In a detailed analysis of three of Roberts' "Tantramar Poems"- "Tantramar Revisited " "The Pea Fields," and "Ave"-Bentley surveys a "border-land between those two useful fictions, the external world and the individual mind, the Tantramar landscape and Roberts' 'inmost self' " (pp. 18-19). This "border-land" is of course itself a useful fiction- a purely critical construct that is finally as illusively verbal as the terms of the binary opposition that it vainly separates- but it serves well in allowing Bentley to apply to Roberts' poems what Charles R. Steele has termed Bentley's "spatio-cultural" critical apparatus.1 "It is," writes Bentley, "the contrast and tension in certain of the Tantramar poems between near and far, pastoral and open, baseland and hinterland which will be explored here as the possible reflection of a dichotomy in Roberts' 'inmost self,' as the reflection of the contrast and tension between the Roberts who sometimes wanted to rest content within the domestic circle of his ancestral home and the Roberts who sometimes yearned to range outwards into open landscapes and adventurous experience" (p. 23).  Although Bentley convincingly anatomizes the ways in which Roberts' mind was "fitted" to the Tantramar marshland, he does not, with the exception of a brief assertion embedded in his discussion of "Ave" (p. 36), essay that more questionable half of Wordsworth's stated theme in "The Prospectus"-the way in which the "external world is fitted to the Mind" (epigraph, p. 17). "Theme this but little heard of among men," indeed. But if internal/subject and external/object can be reduced to the status of "useful fictions," then I suppose my criticism betrays me as the sort of investigator whom Hawthorne called a "vile empiric." Suffice it to add what should surprise no reader of Canadian criticism, that Bentley's "The Poetics of Roberts' Tantramar Space" is, to use MacMillan's expression, a "ground-breaking" close reading of three of Roberts' most important poems.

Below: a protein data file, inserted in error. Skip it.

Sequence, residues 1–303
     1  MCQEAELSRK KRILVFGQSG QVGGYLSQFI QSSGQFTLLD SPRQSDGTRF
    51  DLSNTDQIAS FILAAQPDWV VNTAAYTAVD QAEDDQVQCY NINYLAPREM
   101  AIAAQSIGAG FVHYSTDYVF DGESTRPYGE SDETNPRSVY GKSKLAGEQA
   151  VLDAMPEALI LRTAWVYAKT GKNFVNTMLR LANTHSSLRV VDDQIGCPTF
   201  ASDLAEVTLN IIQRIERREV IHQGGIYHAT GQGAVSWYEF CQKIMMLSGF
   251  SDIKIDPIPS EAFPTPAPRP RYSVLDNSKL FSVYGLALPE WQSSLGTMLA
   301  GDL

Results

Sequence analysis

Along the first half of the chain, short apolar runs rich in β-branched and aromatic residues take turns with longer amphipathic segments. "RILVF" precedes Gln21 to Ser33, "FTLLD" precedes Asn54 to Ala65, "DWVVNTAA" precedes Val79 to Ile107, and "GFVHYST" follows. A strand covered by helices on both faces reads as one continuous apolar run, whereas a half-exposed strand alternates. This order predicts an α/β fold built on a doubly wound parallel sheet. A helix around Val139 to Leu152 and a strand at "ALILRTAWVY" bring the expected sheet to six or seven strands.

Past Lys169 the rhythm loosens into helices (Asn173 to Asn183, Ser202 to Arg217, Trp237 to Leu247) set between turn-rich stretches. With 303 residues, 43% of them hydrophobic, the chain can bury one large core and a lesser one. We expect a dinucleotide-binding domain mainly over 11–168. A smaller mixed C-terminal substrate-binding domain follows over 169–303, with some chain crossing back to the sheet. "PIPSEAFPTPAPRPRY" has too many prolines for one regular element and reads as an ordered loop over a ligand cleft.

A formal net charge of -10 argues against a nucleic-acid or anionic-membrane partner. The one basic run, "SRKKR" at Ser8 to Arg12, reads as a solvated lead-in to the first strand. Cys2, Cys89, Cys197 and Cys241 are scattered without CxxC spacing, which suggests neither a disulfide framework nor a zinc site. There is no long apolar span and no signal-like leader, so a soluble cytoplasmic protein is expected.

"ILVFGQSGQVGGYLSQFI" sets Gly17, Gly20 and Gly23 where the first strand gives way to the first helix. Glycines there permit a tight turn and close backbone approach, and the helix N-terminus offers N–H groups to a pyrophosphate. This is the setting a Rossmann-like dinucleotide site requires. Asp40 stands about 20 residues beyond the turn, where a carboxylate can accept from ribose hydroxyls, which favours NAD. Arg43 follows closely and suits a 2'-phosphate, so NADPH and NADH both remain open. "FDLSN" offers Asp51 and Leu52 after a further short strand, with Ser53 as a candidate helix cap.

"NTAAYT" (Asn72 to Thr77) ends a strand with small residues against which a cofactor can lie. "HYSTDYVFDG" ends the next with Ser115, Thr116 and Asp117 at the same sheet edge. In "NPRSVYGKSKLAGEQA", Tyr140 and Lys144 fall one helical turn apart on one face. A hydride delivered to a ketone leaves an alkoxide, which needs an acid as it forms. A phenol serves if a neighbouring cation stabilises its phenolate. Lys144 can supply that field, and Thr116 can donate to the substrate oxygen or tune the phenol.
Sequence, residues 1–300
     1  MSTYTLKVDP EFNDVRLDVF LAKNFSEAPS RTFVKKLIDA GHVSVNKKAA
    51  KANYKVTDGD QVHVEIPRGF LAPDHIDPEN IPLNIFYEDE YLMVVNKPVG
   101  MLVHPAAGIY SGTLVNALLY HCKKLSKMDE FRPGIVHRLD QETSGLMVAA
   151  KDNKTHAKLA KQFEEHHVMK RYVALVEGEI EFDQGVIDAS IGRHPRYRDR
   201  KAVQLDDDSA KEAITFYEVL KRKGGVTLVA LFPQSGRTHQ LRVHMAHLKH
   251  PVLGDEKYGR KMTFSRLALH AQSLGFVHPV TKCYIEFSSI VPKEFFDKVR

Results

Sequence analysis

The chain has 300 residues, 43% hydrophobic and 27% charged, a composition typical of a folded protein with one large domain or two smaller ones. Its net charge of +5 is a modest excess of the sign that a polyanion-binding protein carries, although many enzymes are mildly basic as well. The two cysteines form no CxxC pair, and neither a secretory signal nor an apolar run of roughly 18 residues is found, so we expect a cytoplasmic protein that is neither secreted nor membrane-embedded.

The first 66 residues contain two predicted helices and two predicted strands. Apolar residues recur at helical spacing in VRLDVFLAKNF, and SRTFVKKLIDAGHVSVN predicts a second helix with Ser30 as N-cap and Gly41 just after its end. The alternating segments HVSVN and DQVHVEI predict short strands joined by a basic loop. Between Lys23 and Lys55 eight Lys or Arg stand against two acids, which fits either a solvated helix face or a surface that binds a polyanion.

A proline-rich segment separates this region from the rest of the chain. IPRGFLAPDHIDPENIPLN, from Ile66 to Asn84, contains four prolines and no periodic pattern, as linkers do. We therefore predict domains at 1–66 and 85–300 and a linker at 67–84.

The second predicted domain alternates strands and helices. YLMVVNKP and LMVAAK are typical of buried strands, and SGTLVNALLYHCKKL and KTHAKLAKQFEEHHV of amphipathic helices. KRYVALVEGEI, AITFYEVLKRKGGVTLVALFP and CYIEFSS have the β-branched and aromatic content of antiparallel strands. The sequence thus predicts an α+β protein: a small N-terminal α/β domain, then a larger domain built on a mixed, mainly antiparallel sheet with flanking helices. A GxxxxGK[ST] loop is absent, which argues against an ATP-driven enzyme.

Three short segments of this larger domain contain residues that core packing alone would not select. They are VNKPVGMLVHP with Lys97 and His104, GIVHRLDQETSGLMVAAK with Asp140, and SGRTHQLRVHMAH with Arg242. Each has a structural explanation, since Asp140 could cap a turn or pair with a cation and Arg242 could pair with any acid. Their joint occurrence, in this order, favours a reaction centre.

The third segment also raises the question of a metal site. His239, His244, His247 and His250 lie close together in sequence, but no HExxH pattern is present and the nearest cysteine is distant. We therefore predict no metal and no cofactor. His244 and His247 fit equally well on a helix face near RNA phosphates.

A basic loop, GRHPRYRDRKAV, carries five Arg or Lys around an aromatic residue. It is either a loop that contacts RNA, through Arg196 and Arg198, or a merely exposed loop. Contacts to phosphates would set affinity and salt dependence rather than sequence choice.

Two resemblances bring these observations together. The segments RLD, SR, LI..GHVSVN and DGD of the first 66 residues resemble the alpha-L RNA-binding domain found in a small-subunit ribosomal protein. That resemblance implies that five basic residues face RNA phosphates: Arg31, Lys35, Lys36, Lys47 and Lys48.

The Proceedings of the Sir Charles G.D. Roberts Symposium presents Roberts' critics with much that is new, most notably its mini-consensus view that dualism characterizes Roberts and his writings (arrived at by Bentley, Gold, and Cogswell). It remains for those of us who value Roberts' writings to explore further the nature of that dualism, to test the thesis, or to challenge it. Do Roberts' writings support Cogswell's view of a confused (Rousseauistic-Platonic) seeking after a transcendentalist ideal? Or is the dualism of the writings, as Bentley implies realistically, a tension of the domestic versus wanderlust (with the emphasis on -lust)? Do Roberts' writings project a writer who protested overmuch the ambivalence of his yearnings for and returnings from vagabondage?


  1. Steele, "Eidolatry: Criticism and Colonial Canadian Literature," Canadian Poetry: Studies, Documents, Reviews, no. 15 (Fall/Winter 1984), p. 82.[back]

    Gerald Lynch